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Photo: Michael Brochstein/SOPA Images/LightRocket via Getty Images

JPMorgan will pay $920 million to settle charges that its commodity trading desk manipulated the market, allowing the bank to rake in millions of dollars in profits, the government alleged.

Why it matters: It's the largest fine ever imposed for a "spoofing" case — and a milestone for government efforts to clamp down on the trading tactic criminalized after the financial crisis.

What they're saying: JPMorgan's "illegal trading significantly benefited JPM and harmed other market participants," the Commodity Futures Trading Commission, a key regulator, said in a release announcing the penalty.

Details: The case alleged JPMorgan trading desks placed hundreds of thousands of orders for trades they intended to cancel. The orders flooded the silver, gold and other metals and treasuries markets and manipulated prices in a way that would later benefit the bank. This is known as spoofing.

  • JPMorgan admitted to wrongdoing, though no restrictions were placed on the bank for the misconduct.
  • Three agencies — the Justice Department, the Securities & Exchange Commission and the Commodity Futures Trading Commission — were involved in the probes.

Flashback: Prosecutors charged former JPMorgan traders one year ago for "widespread spoofing" that spanned nearly a decade.

  • Two traders have already pleaded guilty, while four others are fighting the charges.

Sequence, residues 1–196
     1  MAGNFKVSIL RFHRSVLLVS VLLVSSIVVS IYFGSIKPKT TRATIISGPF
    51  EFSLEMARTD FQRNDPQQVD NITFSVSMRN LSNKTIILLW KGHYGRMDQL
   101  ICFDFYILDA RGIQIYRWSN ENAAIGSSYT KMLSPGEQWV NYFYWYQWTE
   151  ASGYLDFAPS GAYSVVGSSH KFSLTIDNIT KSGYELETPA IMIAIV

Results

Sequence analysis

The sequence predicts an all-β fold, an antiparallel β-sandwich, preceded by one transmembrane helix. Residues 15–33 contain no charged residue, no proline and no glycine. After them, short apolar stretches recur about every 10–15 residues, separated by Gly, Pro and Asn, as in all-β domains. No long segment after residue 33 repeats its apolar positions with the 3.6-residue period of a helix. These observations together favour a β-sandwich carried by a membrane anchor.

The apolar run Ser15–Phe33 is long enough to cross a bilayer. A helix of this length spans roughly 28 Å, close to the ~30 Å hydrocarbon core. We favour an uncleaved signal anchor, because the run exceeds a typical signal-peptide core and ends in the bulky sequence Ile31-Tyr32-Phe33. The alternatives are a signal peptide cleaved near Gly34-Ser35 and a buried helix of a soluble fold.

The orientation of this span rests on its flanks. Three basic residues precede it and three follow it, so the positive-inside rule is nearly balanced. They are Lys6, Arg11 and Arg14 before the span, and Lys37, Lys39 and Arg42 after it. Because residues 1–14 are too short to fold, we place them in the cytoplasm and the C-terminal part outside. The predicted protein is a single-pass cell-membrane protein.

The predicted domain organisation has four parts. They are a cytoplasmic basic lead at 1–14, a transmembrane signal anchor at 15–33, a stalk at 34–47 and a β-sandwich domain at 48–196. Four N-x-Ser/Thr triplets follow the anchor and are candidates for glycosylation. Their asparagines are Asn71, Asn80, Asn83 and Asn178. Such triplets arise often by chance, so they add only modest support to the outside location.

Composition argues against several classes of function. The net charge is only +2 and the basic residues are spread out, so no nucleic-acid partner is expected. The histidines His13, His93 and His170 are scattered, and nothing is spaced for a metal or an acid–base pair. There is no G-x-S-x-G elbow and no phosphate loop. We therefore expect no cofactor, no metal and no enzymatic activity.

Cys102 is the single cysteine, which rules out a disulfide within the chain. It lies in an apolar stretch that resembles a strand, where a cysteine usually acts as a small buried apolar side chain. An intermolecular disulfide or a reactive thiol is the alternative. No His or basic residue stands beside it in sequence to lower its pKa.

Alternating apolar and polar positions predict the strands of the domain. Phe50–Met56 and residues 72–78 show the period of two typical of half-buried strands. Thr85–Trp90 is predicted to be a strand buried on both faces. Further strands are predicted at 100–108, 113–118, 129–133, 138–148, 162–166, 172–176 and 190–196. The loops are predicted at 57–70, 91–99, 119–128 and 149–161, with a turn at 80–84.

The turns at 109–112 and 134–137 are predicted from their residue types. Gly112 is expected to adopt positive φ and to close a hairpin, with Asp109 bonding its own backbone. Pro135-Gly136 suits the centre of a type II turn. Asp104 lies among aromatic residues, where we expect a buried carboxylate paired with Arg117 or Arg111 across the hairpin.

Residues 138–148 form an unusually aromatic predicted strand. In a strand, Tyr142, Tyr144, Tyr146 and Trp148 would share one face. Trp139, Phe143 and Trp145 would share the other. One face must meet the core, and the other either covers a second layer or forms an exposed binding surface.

• In 2015, JPMorgan settled with the DOJ and Federal Reserve and paid a $550 million fine for its role in manipulating the foreign exchange markets.

Go deeper

Dion Rabouin, author of Markets
Oct 16, 2020 - Economy & Business

Bank earnings soar again, even as their stock prices remain stagnant

Expand chart
Data: FactSet; Chart: Axios Visuals

JPMorgan, Goldman Sachs and Morgan Stanley all saw trading revenue rise more than 20% in the third quarter, with Morgan Stanley's earnings report Thursday showing profits jumped 25% from a year earlier to $2.72 billion and a 16% increase in revenue, which rose to $11.7 billion.

The big picture: Even after lackluster headline earnings from Bank of America and Wells Fargo, the five biggest U.S. investment banks are on pace to rake in $100 billion in trading revenue this year.

Focus group: Former Trump voters say he should never hold office again

Illustration: Sarah Grillo/Axios

"Relief" is the top emotion some swing voters who used to support Donald Trump say they felt as they watched President Biden's swearing-in, followed by "hope."

Why it matters: For voters on the bubble between parties, this moment is less about excitement for Biden or liberal politics than exhaustion and disgust with Trump and a craving for national healing. Most said Trump should be prohibited from ever holding office again.

Updated 13 hours ago - Politics & Policy

Coronavirus dashboard

Illustration: Eniola Odetunde/Axios

  1. Health: Most vulnerable Americans aren't getting enough vaccine information — Fauci says Trump administration's lack of facts on COVID "very likely" cost lives.
  2. Politics: Biden unveils "wartime" COVID strategyBiden's COVID-19 bubble.
  3. Vaccine: Florida requiring proof of residency to get vaccine — CDC extends interval between vaccine doses for exceptional cases.
  4. World: Hong Kong to put tens of thousands on lockdown as cases surge.
  5. Sports: 2021 Tokyo Olympics hang in the balance.
  6. 🎧 Podcast: Carbon Health's CEO on unsticking the vaccine bottleneck.